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by Scott Fereday, Tristan McClaran,
Erin Pittenger, and Tara Van Velzen
Planning on adding a week to your spring vacation in Switzerland? Feeling a little under the weather and looking for a quiet day of rest and a trip to the doctor? If you're a student at McCall-Donnelly High School, you might want to rethink missing school for these reasons.
During the 2001-2002 school year, MDHS adopted a new attendance policy that demands greater student attendance. The previous attendance policy allowed five unexcused absences in each class per semester, and unlimited absences excused by a parent. The new policy allows for merely six parent-approved absences in each class per semester. If a student misses more than six classes, then he will lose credit in that class.
There are built-in allowances for students' extracurricular activities. For instance, absences for school-funded sports and trips are permitted under any circumstances. A student can be granted further absences for extraordinary circumstances such as a national competition, college visit, or a once-in-a-lifetime experience. However, medical and dental appointments are never automatically approved.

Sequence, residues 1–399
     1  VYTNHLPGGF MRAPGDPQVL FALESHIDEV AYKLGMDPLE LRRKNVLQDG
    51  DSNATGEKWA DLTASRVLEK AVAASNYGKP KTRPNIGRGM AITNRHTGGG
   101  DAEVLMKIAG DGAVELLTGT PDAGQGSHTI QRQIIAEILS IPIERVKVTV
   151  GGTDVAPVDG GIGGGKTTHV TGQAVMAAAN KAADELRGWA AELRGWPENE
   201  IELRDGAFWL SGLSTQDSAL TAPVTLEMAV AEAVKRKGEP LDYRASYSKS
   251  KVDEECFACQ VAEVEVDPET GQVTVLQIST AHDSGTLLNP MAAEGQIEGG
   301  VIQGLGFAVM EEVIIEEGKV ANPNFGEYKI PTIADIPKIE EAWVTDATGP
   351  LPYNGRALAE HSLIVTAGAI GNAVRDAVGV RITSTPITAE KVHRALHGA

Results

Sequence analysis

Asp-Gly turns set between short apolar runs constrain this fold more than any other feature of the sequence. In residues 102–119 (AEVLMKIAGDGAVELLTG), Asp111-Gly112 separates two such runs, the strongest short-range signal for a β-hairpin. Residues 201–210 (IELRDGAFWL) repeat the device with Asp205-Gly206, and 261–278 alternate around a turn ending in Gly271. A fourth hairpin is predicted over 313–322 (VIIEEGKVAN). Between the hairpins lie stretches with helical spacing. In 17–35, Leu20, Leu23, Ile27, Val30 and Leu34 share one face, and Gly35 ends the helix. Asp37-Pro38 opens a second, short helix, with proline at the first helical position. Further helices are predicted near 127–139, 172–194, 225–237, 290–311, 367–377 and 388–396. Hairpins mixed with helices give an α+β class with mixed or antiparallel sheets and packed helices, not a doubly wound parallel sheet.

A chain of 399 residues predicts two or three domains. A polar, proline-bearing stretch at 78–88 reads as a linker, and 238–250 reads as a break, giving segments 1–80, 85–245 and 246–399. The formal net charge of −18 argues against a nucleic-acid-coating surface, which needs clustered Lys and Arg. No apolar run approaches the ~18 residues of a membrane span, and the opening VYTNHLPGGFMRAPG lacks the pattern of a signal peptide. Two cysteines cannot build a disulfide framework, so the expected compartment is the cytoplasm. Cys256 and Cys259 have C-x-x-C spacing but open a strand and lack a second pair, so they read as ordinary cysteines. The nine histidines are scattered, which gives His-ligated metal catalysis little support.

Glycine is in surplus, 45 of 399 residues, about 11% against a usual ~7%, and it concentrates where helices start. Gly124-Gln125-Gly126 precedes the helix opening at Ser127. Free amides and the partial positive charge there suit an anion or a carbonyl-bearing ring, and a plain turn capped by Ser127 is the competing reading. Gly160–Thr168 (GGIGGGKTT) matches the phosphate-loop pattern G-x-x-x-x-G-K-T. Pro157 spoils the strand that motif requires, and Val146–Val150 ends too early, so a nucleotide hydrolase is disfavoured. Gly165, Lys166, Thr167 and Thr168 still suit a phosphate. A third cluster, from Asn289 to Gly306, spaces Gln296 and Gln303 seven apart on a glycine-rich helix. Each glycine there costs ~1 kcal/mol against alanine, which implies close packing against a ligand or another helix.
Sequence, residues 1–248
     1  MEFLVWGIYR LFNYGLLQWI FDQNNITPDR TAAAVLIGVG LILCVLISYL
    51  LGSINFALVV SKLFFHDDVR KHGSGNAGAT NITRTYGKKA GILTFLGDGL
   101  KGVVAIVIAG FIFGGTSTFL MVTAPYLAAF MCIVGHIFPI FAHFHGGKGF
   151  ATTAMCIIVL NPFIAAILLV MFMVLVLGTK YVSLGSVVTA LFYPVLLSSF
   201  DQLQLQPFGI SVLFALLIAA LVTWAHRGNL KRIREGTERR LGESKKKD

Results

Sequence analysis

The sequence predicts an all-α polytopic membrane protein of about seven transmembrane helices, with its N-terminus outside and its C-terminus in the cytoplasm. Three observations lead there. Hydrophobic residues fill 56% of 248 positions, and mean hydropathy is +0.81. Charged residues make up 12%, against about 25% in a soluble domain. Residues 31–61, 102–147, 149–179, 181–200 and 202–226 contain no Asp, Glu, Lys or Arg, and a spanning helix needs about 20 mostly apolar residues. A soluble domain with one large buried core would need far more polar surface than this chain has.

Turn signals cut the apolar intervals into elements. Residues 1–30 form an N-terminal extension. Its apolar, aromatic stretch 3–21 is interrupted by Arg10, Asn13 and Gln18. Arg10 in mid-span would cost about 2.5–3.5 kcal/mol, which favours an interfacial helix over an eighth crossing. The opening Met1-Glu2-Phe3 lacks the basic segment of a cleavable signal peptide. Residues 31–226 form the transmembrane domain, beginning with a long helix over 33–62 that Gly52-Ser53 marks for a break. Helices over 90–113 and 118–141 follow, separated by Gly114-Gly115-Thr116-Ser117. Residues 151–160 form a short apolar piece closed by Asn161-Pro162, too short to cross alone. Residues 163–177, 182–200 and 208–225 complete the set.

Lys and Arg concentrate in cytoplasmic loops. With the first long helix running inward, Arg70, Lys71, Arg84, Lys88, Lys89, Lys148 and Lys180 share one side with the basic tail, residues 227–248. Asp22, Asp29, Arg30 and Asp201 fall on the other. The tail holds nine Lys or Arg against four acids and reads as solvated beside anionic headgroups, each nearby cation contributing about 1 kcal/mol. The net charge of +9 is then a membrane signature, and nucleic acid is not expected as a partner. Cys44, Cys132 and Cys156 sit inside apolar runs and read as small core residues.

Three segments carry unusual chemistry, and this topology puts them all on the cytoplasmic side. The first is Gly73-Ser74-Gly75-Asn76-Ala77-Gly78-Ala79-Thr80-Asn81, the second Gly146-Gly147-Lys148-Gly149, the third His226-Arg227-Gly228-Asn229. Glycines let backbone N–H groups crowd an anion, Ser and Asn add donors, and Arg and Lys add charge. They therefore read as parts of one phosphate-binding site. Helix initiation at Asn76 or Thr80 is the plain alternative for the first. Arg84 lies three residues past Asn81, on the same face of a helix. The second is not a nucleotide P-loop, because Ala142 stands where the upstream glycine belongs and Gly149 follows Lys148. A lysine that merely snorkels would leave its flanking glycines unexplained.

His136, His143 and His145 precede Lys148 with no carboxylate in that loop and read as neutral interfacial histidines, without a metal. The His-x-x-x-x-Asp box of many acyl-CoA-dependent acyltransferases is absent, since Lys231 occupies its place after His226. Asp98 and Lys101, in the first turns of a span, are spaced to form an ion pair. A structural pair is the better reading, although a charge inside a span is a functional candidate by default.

While this policy has proven to be effective in preventing students from skipping classes for trivial reasons, forcing students to stay in class is not always beneficial. Because sickness is not an approved absence, contagious illnesses have continually plagued the students of MDHS during the past school year. Additionally, student athletes in sports which are not sponsored by the McCall-Donnelly School District are constantly faced with the difficult decision of either failing classes or missing important competitions. Establishing a meaningful policy that meets everyone's needs has been an elusive and difficult challenge for MDHS administrators.
We decided to investigate the new attendance policy because, as student-athletes attending MDHS, our participation in unsanctioned sports, such as Nordic skiing, could result in our losing high school credit. Furthermore, the policy is very controversial, as many students feel that it limits their freedom to make responsible decisions.